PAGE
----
Great stuff, thank you all
     
  13. rollestonpark

    rollestonpark Member

    Location:
    Burton on trent
    last 2 posts will sort you out.
    As said you need to get into the settings of the new Access Point for setting up, I've often used engenius access points due to the high reliability.
    I would just say that you need just 1 DHCP server on your network, on a simple network setup this would likely be your ADSL router.
    The new access point should really have a fixed IP address outside of the range of the ADSL routers DHCPing range.
    Set the same SSID and pass as the ADSL, but different channel preferable a few channels away from the router.
    In the new Access Point you need to set the IP, subnet and default gateway of your network, so it can route back to the ADSL router and out.
    So the default gateway IP is the ADSL router's IP,

    so for example:
    ADSL/VDSL or whatever router is:
    IP address: 192.168.1.1
    subnet: 255.255.255.0
    It is the default gateway, so this normally 192.168.1.1 or you tell it to be the default gateway, depends how the manufacture has done this.
    If the router's DHCP range is set to 192.168.1.100 - 192.168.1.200 for example

    Then WIFI Access Point:
    set IP to maybe: 192.168.1.2
    subnet 255.255.255.0
    default gateway: 192.168.1.1

    Hope this clears a few things up. This is just an example, your IPs maybe different
     
  14. It won’t help the OP, as he’s trying to repurpose existing kit, but in general I’ve found maximum WiFi reliability / interoperability etc etc is when you use identical access point devices from the same manufacturer. They generally play more nicely together and having the same hardware/software on the WiFi side of things makes roaming between the AP more reliable.

    There are sometimes tiny mostly innocuous differences between how different manufacturers implement their WiFi chipsets etc. Often not a problem until you have multiple such devices acting as “access points” in the one install with devices having access to both with same SSID/security settings.

    Now that may or may be happening here, or it could just be a simple setting.

    Very important on the “slave” device to switch off all its ‘router’ functionality if that makes sense. You don’t want it doing any DHCP dealing, firewalling or content filtering - that’s the job of the main router and will only cause strife if there are two devices contending to do the same thing.
     
    ollie989898 likes this.
  15. milkloss

    milkloss Member

    Location:
    East Sussex
    A waste of time using old and repurposed kit. Tplink, netgear et al are all basically crap for what you are trying to do. It might work but will likely be unreliable and handing over will be a cluster feck hassle.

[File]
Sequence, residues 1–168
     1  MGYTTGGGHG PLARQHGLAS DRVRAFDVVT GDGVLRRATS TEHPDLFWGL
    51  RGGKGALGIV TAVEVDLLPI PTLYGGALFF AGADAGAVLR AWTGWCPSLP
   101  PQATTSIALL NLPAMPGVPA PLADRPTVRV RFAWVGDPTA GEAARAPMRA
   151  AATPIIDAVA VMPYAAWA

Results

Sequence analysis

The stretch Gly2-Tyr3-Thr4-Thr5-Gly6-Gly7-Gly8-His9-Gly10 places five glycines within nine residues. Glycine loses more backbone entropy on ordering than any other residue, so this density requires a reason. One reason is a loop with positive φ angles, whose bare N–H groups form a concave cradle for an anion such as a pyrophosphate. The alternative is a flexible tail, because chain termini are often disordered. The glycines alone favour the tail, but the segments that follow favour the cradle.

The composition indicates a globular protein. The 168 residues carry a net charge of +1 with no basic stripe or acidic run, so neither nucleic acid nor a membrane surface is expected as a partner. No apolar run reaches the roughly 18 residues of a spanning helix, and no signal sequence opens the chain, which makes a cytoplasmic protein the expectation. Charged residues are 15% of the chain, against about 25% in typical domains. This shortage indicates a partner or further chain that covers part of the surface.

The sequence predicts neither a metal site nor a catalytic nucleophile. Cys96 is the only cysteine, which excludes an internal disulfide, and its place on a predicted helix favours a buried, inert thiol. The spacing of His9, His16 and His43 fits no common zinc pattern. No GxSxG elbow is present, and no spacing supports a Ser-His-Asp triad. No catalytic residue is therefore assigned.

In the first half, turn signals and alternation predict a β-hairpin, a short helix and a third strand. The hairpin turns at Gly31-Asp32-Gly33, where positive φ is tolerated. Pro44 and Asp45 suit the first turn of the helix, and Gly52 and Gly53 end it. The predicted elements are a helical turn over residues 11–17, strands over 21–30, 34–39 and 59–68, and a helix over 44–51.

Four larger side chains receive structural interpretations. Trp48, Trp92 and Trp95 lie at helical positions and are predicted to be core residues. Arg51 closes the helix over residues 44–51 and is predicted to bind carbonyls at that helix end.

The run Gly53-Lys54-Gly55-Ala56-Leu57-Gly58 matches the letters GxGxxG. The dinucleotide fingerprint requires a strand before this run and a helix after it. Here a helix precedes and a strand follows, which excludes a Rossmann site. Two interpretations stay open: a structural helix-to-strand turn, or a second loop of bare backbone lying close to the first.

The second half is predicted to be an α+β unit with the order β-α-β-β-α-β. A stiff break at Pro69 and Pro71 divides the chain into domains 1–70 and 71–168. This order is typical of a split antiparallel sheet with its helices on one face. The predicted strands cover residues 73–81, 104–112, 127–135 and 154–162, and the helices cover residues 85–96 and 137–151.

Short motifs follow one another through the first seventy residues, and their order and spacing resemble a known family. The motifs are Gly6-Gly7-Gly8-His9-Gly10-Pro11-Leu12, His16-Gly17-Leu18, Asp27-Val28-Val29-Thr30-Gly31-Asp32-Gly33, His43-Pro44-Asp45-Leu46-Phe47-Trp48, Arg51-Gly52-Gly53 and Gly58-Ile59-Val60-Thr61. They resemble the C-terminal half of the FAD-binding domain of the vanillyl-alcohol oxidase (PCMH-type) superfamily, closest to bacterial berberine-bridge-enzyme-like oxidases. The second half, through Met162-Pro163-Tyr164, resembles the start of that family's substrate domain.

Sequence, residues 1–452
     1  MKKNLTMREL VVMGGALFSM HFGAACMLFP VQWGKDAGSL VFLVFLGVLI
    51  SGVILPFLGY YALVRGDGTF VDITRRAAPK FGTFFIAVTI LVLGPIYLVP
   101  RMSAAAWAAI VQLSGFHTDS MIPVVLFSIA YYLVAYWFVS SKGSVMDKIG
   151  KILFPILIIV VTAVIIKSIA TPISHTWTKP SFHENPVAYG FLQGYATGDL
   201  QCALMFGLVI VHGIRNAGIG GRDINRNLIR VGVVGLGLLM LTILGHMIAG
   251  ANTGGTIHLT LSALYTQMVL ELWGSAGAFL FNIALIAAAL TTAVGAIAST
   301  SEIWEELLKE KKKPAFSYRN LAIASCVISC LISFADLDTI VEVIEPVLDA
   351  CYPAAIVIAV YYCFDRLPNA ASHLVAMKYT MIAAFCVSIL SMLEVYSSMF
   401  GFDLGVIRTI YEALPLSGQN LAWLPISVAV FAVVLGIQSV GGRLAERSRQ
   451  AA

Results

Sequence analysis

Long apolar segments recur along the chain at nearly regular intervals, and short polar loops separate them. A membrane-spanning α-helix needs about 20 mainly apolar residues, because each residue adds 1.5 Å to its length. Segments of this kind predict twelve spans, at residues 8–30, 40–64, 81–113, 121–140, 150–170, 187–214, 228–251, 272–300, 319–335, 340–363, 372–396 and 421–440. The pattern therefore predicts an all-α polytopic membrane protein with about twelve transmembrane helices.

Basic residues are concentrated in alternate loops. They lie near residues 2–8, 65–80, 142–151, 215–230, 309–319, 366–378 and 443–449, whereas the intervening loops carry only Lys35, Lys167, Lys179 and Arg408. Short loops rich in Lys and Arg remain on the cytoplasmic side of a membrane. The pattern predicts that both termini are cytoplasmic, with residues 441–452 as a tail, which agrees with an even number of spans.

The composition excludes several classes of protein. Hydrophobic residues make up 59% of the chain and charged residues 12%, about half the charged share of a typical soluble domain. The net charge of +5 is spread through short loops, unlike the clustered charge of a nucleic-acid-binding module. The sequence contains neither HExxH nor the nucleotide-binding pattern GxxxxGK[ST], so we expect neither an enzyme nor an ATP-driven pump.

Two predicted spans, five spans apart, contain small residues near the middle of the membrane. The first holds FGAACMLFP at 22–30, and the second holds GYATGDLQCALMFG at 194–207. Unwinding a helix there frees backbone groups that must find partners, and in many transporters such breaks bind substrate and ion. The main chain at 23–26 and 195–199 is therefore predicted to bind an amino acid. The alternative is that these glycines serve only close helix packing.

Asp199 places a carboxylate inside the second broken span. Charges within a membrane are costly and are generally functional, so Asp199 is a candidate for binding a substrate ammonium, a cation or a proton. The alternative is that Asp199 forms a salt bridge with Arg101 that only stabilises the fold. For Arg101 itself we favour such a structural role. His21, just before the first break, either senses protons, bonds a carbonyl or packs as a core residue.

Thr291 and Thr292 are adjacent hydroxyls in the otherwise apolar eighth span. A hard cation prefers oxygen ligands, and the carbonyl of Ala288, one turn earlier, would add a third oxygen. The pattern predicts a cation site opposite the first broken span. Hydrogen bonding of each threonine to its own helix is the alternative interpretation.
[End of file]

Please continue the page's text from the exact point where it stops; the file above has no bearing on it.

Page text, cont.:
Either buy draytek stuff which does what it says on the tin or go for a mesh type system in the house: all one WiFi network with their own type of handover as you roam. £600 for a good setup mind.
     
  16. Grassman247

    Grassman247 Member

    All the suggestions here are okay but at the end of the day most equipment mention here is rubbish apart from the draytek kit which for what you are doing I feel is overkill. I too have a large farmhouse, I switched to a netgear gaming router as they seem to have a very stable internet connection and then ran a cat5 cable up the outside wall into the attic and fitted one of these
    http://www.4gon.co.uk/ubiquiti-unif...xleTDB8z40hRFJM9Dwok2QCBGPh0OF4xoCk6gQAvD_BwE

    The whole house now has wifi, no configuring needed nice and easy and if needs be you can fit another and create a mesh WiFi

    Let the router concentrate on routing internet and the ubiquity on handling the WiFi
     
    ollie989898 likes this.
  17. Mur Huwcun

    Mur Huwcun Member

    Location:
    North West Wales
    We’re getting somewhere. Fiddling with the Ip address pool got the second hub to work as a switch, i.e the laptop with an ethernet cable from the hub was getting an internet connection. A bit more fiddling with the wifi channel, changed it to 11 and we have, upto now, uninterrupted wifi and can go to the far end bedroom and only loose wifi for split second as it changes over. I have not changed the SSID and passwords to match, will try that tommorow night!!! Thanks for all the help. Will have to remind my brother that it took a bunch of farmers to sort it out:whistle::whistle::whistle:
     
    Pheasant Surprise likes this.
  18. Ukjay

    Ukjay Member

    Thanks Pheasant Surprise - I have never gone as high in setting IP addresses simply reduced the range and opted for one outside this new pool, so I was hypothesising on the max IP address one could use to try and explain the scenario, so even I have learnt something new here about max options, which is always useful for me as most of what I do is self taught (y)
     
    Pheasant Surprise likes this.
  19. Simplest solution in my book, and will give better wifi signal all over the property. Exactly the same is done in large buildings and hotels etc.